Pain to Power: Pratiti, an Interesting Program by People for Parity Foundation

Today, we would like to profile an interesting and relevant program, pertaining to Gender Based Violence- People for Parity Foundation’s Pain to Power program, also called as “Pratiti“.

The idea behind it is that gender identity – given or adopted, affects the life of most people and in diverse ways, leading them to experience high levels of denial, depression, anxiety, flashbacks, loneliness, anger, shame or a general lack of hope and causing lasting psychological trauma. Pain to Power is an experiential journey to empower survivors of sexual violence, acid attacks, forced or abusive marriages, body-image shaming, parental neglect or abuse among others. The journey aims to heal and transform the participants’ pain from such gendered experiences by learning and experiencing tools for reflection and building self-awareness as well as by sharing about one’s experiences in a safe, non-judgmental community.


People for Parity (PFP) has been conducting intensive workshops on gender issues with young people for over 3 years and over the course of this time, we have observed both the need and the potential of healing from gendered experiences to lead more fulfilling and peaceful lives.

How it works is this- 20 young people join the journey for a period 3 months beginning with a 4 day residential workshop on gender, self-awareness and community building in the Himalayas, away from the hustle and bustle of the city. After that, there is a community meet-up and one-on-one facilitator meet-ups every fortnight to facilitate inner healing via speaking one’s truth. Participatory activities are used to enable such reflection and sharing, and the workshops are led by facilitators trained and experienced in holding caring, nurturing and non-judgmental spaces. Understanding the systemic nature of one’s experiences and sharing one’s innermost feelings and experiences develops a participant’s ability to transcend pain caused by past experiences. In addition, self-awareness tools and the community created provide support for resolving future feelings and experiences.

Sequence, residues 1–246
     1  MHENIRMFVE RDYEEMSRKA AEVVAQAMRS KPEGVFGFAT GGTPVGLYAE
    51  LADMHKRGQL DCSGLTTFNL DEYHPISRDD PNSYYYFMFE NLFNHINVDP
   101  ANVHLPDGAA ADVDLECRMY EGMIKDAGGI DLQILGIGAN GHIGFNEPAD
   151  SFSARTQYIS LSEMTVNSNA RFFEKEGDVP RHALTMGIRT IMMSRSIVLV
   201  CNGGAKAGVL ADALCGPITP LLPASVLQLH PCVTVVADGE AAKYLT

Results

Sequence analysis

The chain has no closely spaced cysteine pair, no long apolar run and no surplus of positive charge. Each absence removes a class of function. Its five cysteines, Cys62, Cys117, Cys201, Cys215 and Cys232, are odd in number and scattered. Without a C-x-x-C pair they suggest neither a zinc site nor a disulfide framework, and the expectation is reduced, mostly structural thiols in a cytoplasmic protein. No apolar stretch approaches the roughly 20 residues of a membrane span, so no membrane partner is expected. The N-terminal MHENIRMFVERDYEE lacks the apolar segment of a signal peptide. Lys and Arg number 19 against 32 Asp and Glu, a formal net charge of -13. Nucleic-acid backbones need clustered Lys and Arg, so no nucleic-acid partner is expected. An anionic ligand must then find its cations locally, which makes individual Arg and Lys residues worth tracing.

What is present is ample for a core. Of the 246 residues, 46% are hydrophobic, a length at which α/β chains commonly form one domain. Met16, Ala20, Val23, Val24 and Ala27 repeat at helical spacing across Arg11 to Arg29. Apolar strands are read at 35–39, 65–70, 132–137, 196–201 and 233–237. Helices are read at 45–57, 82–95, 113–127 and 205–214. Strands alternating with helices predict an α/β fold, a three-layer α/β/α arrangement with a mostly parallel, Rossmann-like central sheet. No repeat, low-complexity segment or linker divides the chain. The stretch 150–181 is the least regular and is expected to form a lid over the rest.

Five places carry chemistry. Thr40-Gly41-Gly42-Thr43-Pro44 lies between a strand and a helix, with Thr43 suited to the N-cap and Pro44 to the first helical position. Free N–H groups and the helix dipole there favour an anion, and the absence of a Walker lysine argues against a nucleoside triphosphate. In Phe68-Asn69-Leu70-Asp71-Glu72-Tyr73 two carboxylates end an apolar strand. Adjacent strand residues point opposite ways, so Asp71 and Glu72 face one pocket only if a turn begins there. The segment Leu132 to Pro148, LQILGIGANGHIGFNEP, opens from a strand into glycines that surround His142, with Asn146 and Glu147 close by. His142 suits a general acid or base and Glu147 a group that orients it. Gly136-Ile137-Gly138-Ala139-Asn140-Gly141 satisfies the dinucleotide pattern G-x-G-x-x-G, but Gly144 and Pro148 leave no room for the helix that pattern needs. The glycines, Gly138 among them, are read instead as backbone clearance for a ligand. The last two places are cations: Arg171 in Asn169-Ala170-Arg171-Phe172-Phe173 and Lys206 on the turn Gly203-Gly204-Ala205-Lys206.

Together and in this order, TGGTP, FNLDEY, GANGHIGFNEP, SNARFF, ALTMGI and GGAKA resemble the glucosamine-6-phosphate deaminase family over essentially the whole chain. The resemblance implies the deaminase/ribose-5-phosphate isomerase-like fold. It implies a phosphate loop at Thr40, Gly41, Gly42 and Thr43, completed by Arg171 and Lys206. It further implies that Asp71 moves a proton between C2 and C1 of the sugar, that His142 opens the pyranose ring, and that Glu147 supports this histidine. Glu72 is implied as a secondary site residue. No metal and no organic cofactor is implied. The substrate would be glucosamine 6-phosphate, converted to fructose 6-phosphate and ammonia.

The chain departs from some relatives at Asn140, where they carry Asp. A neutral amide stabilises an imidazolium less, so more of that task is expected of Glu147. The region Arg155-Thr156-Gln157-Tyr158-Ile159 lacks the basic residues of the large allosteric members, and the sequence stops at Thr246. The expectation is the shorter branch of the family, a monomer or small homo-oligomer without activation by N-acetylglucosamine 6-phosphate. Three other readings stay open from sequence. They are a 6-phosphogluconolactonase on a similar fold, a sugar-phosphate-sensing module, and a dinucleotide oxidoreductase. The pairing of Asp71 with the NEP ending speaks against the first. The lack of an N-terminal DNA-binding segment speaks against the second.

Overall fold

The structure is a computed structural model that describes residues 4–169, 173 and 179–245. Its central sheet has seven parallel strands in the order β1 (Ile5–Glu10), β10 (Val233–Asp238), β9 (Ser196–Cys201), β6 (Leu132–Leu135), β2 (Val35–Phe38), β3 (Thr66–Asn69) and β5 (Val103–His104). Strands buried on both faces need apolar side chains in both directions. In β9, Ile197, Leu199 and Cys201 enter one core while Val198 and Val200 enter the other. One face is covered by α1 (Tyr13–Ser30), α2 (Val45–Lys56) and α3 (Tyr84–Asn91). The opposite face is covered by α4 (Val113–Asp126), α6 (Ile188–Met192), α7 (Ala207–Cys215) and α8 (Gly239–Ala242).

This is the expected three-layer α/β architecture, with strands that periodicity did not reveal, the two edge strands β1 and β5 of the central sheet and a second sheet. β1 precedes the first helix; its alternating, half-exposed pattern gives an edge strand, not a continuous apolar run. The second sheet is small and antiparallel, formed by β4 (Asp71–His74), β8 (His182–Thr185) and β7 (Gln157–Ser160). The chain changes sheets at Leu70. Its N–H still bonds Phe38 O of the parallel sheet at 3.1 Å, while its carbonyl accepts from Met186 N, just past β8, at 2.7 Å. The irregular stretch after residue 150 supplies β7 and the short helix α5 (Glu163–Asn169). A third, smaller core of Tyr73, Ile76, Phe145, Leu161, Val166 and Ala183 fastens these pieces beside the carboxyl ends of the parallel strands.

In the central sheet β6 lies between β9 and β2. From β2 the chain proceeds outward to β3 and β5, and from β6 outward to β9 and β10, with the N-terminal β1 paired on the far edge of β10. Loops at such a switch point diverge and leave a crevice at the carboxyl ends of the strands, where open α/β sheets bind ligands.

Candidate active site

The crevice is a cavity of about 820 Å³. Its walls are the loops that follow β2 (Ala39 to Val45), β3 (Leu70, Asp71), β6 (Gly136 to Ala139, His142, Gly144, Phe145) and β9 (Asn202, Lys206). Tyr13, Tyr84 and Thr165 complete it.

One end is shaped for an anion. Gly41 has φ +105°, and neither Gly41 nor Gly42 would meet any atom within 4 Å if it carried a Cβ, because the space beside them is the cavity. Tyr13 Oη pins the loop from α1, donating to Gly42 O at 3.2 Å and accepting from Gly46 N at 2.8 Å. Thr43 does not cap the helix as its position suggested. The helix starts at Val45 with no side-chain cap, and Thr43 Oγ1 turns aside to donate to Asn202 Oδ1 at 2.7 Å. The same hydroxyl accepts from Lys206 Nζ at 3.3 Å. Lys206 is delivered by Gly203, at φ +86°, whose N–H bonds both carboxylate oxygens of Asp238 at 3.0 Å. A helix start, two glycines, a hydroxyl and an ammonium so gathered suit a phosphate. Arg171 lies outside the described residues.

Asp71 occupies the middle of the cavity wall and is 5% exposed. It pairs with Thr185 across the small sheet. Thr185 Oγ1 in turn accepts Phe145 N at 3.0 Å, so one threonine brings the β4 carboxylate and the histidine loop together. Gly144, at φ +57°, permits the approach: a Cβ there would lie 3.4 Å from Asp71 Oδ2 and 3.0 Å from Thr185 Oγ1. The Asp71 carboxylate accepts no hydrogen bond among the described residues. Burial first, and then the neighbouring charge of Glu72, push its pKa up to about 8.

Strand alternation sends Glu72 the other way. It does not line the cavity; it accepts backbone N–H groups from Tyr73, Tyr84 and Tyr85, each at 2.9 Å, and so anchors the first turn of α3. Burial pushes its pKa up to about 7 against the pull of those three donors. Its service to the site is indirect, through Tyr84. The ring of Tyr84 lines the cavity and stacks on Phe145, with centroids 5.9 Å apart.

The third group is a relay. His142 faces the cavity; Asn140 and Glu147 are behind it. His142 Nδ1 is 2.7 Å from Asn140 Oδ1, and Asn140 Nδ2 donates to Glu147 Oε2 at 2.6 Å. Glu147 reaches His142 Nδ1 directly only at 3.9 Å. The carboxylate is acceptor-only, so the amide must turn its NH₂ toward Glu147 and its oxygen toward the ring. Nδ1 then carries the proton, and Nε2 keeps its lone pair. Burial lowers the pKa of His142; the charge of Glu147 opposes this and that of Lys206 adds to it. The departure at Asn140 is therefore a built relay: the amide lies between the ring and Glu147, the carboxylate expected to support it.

In rapt attention

Participants should be open to healing in a group process in the company of diverse gender and sexual identities. They should commit to spending time and energy on their own transformation and should be willing to take ownership of their life and feelings. They should also commit to attending the initial residential workshop and all subsequent meetups, and cover their travel and logistics for the same.

Residential workshop will set the context for the entire journey by building a safe space for sharing and healing amongst the participants as well as by introducing self-awareness and reflection tools. The workshop is planned in the Himalayas as it is important to take out time from our city lives and spend time in natural surroundings in order to connect with one’s inner self and with others. Also, to find a community with fellow participants, it is essential to find time to just be – to laugh, cry, talk, dance, share and so on.

Story session with a view

It is different from counseling in the sense that PFP’s approach relies on participant’s willingness to take ownership of their lives and aims to build their capacity to support themselves as well as others through this journey and in similar future experiences. Counseling, though often more suited to people’s immediate needs, aims to address the situation by identifying causal factors and requires continued support from the counselor or an external facilitator.

Group process will enable reflection and sharing on topics like – gender, identity, role of gender, violence, social power, conflict resolution, inner critic, reaction mechanisms and so on. We also have partnerships with legal and counseling providers which the participants can access if the need arises.

The program has been very well received so far, as is evident from participant testimonials.

At CSR, we have been working against gender based violence for almost three decades, and firmly believe that it is entrenched in our society in unimaginable ways. While preventive measures need to be strongly in place, it is also essential for survivors to be provided adequate platforms to fully recover and emerge as stronger people. To enable real empowerment of survivors, and effective prevention of gender based violence, the youth needs to engaged and we feel this program is an excellent way to do so.

You can learn more about the application process here.

Discuss this article on Facebook